Mesa County, relatively large in size, is located in west-central Colorado, on the border of Utah. The Mesa County Genealogical Society was founded in 1980 to “promote interest in genealogy; to encourage and instruct in the art and practice of genealogical research.”
Click on the "MCGS Projects" button in the website’s contents list to access the Mesa County Cemetery Records database. This database is said to be a work in progress and is partial listing of cemetery records that the Mesa County Genealogical Society maintains.
The data fields shown in this alphabetical index include surname, given name(s), birth and death dates, cemetery name abbreviation (key provided) and notes. Information found in the notes field includes veteran status, name of the newspaper in which a death notice or obituary appeared, burial date, and the name(s) of others who appear on the same gravestone.
Cemetery Records of Yell County, Arkansashttp://bethg.shutdown.com/yell/ycemeteries.html
Yell County is located in west-central Arkansas. The records that make up this database have been compiled by and made available through the Yell County Historical and Genealogical Association. There are more than 150 cemeteries in the database. Click on a cemetery name link to access location information, brief historical information, and the list of individuals buried in the cemetery. The data fields include name of the deceased, when born and died, and additional verification. Sources cited in the additional verification include Confederate and Union Pension Files, the Social Security Death Index, and World War I records. In some instances there are photographs of individual gravestones.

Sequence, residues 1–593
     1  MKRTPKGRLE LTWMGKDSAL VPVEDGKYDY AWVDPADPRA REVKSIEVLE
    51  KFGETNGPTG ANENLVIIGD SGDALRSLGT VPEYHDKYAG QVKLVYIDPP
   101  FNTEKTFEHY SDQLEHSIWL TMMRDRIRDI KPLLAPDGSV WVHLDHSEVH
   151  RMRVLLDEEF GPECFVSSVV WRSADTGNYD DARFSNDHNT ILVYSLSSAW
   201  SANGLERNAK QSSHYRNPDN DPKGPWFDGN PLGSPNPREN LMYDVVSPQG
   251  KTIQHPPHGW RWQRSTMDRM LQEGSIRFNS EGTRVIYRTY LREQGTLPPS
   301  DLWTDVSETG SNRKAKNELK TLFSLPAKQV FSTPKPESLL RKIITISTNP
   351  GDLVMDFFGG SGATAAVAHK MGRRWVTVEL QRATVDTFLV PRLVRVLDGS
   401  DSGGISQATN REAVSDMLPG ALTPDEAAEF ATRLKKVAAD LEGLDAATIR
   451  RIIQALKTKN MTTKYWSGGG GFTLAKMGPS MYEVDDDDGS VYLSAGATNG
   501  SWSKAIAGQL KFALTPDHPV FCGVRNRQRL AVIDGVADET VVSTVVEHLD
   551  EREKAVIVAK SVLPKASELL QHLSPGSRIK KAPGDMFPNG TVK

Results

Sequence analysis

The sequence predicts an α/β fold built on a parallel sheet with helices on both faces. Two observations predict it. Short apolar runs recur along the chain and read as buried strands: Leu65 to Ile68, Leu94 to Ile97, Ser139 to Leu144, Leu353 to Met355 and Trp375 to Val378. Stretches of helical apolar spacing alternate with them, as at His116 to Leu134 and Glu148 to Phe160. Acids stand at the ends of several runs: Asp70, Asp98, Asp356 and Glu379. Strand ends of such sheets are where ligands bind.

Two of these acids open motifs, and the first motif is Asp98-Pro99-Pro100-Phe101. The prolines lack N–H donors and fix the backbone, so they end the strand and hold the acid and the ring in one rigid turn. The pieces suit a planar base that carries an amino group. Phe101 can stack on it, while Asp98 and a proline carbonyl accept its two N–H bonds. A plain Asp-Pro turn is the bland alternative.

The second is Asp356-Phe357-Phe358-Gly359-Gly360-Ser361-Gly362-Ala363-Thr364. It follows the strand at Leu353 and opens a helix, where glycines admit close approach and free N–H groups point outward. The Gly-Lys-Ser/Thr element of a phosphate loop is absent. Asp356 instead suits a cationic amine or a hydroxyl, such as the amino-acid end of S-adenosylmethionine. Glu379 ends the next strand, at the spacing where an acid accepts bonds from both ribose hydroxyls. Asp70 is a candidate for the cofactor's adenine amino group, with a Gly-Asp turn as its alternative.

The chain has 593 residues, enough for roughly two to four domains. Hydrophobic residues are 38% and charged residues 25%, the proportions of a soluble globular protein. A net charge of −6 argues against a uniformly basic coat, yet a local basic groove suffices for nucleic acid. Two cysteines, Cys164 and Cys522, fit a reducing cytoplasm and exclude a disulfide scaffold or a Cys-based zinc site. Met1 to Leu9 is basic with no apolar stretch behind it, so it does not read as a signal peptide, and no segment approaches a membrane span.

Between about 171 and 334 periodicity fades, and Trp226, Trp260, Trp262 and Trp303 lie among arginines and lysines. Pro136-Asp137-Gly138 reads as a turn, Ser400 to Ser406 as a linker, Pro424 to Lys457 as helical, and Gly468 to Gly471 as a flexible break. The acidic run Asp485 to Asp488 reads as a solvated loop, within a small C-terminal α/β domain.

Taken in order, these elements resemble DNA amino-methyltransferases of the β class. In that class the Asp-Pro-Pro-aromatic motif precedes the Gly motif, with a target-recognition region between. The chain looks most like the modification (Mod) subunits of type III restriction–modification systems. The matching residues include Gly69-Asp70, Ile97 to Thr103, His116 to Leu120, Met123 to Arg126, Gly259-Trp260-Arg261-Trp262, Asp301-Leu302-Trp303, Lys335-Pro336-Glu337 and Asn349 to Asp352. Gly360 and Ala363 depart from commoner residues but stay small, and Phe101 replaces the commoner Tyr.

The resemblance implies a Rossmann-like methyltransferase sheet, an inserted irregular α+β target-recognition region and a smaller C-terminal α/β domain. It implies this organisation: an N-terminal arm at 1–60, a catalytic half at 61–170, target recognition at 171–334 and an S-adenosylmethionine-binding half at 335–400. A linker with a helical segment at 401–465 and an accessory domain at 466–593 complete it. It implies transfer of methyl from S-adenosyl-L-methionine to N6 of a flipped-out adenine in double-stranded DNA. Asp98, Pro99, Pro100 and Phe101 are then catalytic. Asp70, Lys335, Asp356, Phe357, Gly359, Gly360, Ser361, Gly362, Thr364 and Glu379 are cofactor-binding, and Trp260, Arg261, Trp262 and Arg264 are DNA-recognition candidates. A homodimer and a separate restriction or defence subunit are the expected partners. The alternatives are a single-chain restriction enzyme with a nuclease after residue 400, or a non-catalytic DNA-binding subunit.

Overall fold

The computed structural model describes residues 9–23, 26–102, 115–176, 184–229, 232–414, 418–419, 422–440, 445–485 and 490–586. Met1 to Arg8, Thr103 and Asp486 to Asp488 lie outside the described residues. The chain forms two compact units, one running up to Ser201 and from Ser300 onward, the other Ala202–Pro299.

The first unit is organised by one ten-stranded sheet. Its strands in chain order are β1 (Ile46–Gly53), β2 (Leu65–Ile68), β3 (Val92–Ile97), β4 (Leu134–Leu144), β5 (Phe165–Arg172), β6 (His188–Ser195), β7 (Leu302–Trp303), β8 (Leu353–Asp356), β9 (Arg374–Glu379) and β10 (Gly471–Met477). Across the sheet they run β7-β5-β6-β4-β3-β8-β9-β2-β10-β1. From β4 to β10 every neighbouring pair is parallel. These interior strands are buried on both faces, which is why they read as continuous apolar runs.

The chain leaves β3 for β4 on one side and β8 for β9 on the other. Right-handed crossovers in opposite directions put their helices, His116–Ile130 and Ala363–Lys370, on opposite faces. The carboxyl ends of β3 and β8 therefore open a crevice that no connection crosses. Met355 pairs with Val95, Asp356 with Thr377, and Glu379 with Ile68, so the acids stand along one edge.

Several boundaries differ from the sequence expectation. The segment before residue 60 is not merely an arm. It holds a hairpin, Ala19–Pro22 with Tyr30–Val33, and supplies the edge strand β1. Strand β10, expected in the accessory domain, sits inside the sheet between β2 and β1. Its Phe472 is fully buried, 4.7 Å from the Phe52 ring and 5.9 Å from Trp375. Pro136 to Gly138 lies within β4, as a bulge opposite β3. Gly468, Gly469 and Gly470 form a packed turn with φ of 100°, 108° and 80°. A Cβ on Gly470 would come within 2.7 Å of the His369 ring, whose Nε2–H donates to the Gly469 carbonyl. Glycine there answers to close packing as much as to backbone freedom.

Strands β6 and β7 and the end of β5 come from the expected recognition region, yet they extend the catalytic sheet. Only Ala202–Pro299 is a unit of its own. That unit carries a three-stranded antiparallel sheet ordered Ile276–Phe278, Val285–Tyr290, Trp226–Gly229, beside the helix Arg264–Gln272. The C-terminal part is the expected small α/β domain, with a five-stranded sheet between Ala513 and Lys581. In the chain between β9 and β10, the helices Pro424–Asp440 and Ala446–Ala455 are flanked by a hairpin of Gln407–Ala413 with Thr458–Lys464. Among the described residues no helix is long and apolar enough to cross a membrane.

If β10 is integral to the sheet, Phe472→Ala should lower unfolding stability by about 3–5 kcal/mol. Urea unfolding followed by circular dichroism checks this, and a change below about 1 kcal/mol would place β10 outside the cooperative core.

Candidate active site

Stories of Interest
The Password is ‘Luddite:’ Why Computer Security Has Become a Never-Ending Memory GameBoston Globe reporter Mark Feeney blames 70s game-show host Allen Ludden for the current plethora of password problems.
Book Overdue for 99 Years Returned to New Bedford LibraryA 75-year-old man went to the library to return a book that was due in 1910. It was already twelve years overdue in 1922 when it was given to his mother, an immigrant from Poland.
On Genealogy: Holiday Gift Lists for GenealogistsColorado professional genealogist and Broomfield Enterprise columnist Julie Miller presents a list of suggestions of valuable holiday gifts for genealogists.
American Histories Are Being Rescued a Second TimeUSA Today reports on efforts to preserve historic interviews that are happening at universities nationwide, including the University of Illinois, University of New Mexico, University of Arizona, University of Florida, University of Utah and UCLA.
Last-Minute Holiday Gifts
If you haven’t finished your holiday shopping, you can turn to the Bookstore at NEHGS for money-saving bundles and gifts under $15. We even offer 1-, 2- and 3-day UPS delivery options to get it to you in time for the holiday. For the entire list of holiday bundles and gifts, visit www.newenglandancestors.org/store/holiday_discounts.asp.
The Bookstore at NEHGS is also offering sets of genealogy note cards at more than 35% off. Adorned with beautiful full-color images of actual heritage family documents from the NEHGS manuscripts collection, these note cards are perfect for sending holiday greetings to long-lost cousins, as stocking stuffers or as a quick and easy gift for just about anyone. These cards come in a set of eight (2 each of four designs) with matching envelopes and are now priced at $5.00 per set (while supplies last). We even offer free shipping on these cards! To see the images or to order these cards, visit www.newenglandancestors.org/store/product.asp?sku=155513148.
Did you know that the NEHGS Book Store offers library-quality copies of over 10,000 rare and out-of-print books? Some titles ordered by recent customers include: